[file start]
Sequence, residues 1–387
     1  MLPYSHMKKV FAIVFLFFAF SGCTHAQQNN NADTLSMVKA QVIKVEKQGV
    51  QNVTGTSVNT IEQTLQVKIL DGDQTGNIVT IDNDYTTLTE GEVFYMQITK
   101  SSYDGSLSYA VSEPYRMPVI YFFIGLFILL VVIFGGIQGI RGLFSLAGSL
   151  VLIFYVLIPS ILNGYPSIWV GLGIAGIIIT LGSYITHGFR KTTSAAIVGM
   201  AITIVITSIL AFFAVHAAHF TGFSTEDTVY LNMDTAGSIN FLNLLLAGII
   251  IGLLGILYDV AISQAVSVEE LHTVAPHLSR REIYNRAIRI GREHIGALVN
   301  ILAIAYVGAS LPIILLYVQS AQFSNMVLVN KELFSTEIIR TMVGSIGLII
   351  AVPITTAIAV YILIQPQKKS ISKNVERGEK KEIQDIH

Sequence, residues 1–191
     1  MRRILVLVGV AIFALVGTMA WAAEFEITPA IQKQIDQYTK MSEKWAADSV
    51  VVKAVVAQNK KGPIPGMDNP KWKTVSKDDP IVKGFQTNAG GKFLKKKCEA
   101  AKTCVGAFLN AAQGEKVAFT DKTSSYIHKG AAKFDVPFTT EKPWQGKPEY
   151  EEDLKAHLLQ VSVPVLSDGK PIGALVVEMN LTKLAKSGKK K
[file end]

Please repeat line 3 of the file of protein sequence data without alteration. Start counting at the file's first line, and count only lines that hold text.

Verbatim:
    51  QNVTGTSVNT IEQTLQVKIL DGDQTGNIVT IDNDYTTLTE GEVFYMQITK